The CEED blog

Image may contain: Water, Plant, Vertebrate, Light, Nature.
Published Sep. 5, 2022 10:59 AM

Around 445 million years ago, the Earth experienced the first of its five major crises, the end-Ordovician mass extinction. This event coincided with a short but widespread glaciation that culminated a 50 million-year cooling period. Although the cooling trend is observed by several local-to-regional temperature studies, and coincides with one of the most important evolutionary diversifications on Earth, it is not yet fully understood. A new study investigated the forcings that may have triggered this intense climate change using a model that coupled climate and carbon cycle simulations.

Image may contain: Plant, Sky, Ecoregion, World, Map.
Published Sep. 1, 2022 10:00 AM

The Arctic landscape has many interesting features, many of which have names that derive from a range of languages. But who... or what... are they named after? Over the summer months, Bachelors student Annabel Flatland from Williams College in the USA joined Grace Shephard and the POLARIS project for an internship on Arctic geology and geophysics, and found out some of the origins behind a couple of the names along the way.

Image may contain: Vertebrate, World, Map, Mammal, Line.
Published Aug. 28, 2022 8:23 PM

Ikaite is a rare mineral that is chemically identical to calcite, but has a different crystal form which contains water in its structure. It is found naturally growing in places that are characterized by low temperatures and unusual chemistry. First discovered forming tufa towers in the Ikka Fjord in Greenland (from which it gets its name), it has since been discovered growing in seafloor sediments around continents. Yet, when it is collected, it rapidly breaks down to a wet crystal mush. Little is understood about what it breaks down to and how it breaks down. So a team of researchers designed a series of experiments to observe ikaite breaking down in the laboratory, in order to find answers.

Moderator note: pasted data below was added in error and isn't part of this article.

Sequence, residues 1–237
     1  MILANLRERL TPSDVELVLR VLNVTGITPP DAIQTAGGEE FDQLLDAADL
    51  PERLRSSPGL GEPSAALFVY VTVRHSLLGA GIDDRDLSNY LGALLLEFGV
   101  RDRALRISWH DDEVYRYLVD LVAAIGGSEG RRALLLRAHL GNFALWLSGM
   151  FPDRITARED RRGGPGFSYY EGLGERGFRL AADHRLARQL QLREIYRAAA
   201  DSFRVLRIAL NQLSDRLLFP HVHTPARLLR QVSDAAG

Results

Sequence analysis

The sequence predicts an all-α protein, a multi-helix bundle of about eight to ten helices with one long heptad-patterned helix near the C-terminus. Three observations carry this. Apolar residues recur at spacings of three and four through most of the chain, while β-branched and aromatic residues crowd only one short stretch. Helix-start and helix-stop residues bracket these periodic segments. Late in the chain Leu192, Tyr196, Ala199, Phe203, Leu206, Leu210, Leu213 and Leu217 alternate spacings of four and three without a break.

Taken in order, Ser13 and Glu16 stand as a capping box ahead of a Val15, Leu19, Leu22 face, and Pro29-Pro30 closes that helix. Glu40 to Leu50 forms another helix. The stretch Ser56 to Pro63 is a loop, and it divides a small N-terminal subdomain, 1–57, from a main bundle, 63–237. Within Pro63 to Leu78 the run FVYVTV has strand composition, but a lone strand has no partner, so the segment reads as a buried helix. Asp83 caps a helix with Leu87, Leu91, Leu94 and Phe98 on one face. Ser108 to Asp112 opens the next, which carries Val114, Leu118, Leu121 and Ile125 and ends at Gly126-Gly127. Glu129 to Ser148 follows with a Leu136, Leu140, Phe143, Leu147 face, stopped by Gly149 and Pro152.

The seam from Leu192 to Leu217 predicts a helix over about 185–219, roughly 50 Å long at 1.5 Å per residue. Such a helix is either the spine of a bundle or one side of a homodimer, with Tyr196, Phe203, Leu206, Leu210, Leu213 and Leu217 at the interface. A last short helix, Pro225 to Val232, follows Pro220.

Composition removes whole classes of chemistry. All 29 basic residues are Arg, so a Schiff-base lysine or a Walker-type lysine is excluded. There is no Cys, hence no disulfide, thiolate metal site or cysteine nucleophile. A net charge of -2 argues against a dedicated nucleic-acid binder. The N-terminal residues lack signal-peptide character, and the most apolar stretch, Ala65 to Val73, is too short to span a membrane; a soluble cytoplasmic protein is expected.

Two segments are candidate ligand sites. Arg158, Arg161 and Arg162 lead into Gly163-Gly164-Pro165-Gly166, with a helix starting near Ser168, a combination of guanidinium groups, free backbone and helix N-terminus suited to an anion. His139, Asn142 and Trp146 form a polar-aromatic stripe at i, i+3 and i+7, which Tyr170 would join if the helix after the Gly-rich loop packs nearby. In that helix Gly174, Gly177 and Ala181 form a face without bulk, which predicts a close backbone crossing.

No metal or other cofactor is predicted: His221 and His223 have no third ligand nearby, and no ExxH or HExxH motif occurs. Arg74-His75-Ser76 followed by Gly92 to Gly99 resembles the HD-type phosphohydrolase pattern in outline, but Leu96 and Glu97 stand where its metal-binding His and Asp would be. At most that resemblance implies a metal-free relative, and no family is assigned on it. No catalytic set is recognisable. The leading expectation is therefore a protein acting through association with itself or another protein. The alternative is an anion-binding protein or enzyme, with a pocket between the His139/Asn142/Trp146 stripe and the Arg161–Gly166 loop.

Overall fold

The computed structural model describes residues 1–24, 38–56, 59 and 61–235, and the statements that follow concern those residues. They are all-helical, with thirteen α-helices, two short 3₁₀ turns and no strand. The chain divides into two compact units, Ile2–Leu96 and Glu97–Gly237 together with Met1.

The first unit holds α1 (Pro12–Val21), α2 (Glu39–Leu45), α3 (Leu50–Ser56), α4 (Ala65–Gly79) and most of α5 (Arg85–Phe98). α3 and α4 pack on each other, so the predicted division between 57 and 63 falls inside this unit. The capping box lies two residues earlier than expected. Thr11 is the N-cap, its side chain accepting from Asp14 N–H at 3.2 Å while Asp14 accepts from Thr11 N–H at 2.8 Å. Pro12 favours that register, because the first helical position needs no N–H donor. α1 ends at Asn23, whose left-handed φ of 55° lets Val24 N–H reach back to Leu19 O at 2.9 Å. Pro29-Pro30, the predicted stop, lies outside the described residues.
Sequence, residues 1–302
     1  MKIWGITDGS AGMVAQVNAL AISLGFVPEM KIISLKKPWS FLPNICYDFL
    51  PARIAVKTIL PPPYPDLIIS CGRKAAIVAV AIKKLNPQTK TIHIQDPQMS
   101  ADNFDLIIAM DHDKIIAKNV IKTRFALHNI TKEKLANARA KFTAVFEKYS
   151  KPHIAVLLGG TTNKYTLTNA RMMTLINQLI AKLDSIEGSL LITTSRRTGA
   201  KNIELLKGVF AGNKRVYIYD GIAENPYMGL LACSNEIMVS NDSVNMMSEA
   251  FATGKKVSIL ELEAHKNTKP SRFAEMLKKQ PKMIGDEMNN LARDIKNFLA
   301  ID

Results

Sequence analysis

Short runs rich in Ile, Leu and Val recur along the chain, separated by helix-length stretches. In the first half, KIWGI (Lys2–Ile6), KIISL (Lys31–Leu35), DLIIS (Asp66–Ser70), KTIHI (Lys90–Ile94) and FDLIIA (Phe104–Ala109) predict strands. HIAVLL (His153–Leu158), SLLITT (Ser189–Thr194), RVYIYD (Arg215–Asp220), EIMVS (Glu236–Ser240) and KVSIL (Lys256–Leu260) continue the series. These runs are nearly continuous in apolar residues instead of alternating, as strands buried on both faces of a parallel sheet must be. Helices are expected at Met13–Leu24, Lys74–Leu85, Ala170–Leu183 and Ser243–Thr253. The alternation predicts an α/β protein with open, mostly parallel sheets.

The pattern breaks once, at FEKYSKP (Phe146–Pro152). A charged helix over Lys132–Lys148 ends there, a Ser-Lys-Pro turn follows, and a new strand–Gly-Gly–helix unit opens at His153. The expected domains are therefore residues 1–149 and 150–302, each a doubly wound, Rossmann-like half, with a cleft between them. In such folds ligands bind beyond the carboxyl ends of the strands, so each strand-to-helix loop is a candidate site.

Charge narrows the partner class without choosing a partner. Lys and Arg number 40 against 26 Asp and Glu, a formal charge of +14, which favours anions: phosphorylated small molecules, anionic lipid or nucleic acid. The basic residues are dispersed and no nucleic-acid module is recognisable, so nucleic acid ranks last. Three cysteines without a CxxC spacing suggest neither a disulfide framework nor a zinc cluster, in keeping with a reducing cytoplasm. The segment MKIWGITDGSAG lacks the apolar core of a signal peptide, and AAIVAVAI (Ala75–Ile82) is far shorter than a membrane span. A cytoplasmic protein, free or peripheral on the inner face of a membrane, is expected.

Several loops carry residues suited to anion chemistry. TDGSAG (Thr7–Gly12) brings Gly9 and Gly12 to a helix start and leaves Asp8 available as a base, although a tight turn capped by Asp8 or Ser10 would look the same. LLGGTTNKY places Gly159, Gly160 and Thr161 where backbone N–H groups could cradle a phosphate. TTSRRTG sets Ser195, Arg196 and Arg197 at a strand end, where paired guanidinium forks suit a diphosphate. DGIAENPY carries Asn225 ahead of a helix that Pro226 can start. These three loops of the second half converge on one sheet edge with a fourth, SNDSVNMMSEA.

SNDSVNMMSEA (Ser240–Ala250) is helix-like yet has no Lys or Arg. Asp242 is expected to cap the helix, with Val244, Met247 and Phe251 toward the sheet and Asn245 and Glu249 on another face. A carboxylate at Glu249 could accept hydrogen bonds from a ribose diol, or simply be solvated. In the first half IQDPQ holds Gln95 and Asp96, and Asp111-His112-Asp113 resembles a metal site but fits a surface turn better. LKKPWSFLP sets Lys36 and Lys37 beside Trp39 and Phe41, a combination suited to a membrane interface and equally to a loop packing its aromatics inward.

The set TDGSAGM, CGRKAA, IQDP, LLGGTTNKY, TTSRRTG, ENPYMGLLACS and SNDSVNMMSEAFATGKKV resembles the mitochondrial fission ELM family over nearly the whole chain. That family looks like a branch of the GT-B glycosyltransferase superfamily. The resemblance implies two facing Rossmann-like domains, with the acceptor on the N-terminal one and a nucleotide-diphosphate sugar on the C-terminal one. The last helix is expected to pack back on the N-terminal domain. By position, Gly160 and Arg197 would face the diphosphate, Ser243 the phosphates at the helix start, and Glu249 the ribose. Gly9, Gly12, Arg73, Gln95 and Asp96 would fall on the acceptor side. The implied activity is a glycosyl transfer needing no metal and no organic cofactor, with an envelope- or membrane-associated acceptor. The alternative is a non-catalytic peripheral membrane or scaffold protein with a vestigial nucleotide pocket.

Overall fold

Image may contain: Water, Boat, Sky, Watercraft, Naval architecture.
Published Aug. 16, 2022 8:40 AM

Greetings from onboard the research vessel R/V Helmer Hanssen, where we are exploring the Barents Sea, in the region south and southeast of Svalbard. It is a very international cruise, with 9 different nationalities, from six institutions, joining forces to map the polar seafloor and subsurface. In particular, we are on the hunt for bubbles (of the methane kind and not the drinking kind, sadly).

Image may contain: World, Azure, Font, Map, Red.
Published July 9, 2022 11:55 PM

In deep time (i.e., >100 Million years ago), the number of methods that can be used to reconstruct global sea level is limited and mostly restricted to observations of changes in fossils and sediment types that mark the moving position of the shoreline. However, these methods simultaneously measure global sea-level change and local uplift or subsidence at the observation point. A new study published in Gondwana Research instead reconstructs global sea level change from estimates of past continental flooding. Flooding measurements represent averages across large continental areas, which makes them less sensitive to regional modifications. The new study demonstrates the accuracy of this method over the past 520 million years and its potential use for even deeper time.

Photo of a man on a mountain

The CEED blog covers some behind-the-scenes about our latest research and activities. The contributors are a mix of students and staff from The Centre for Earth Evolution and Dynamics, Dept. of Geosciences, University of Oslo, Norway.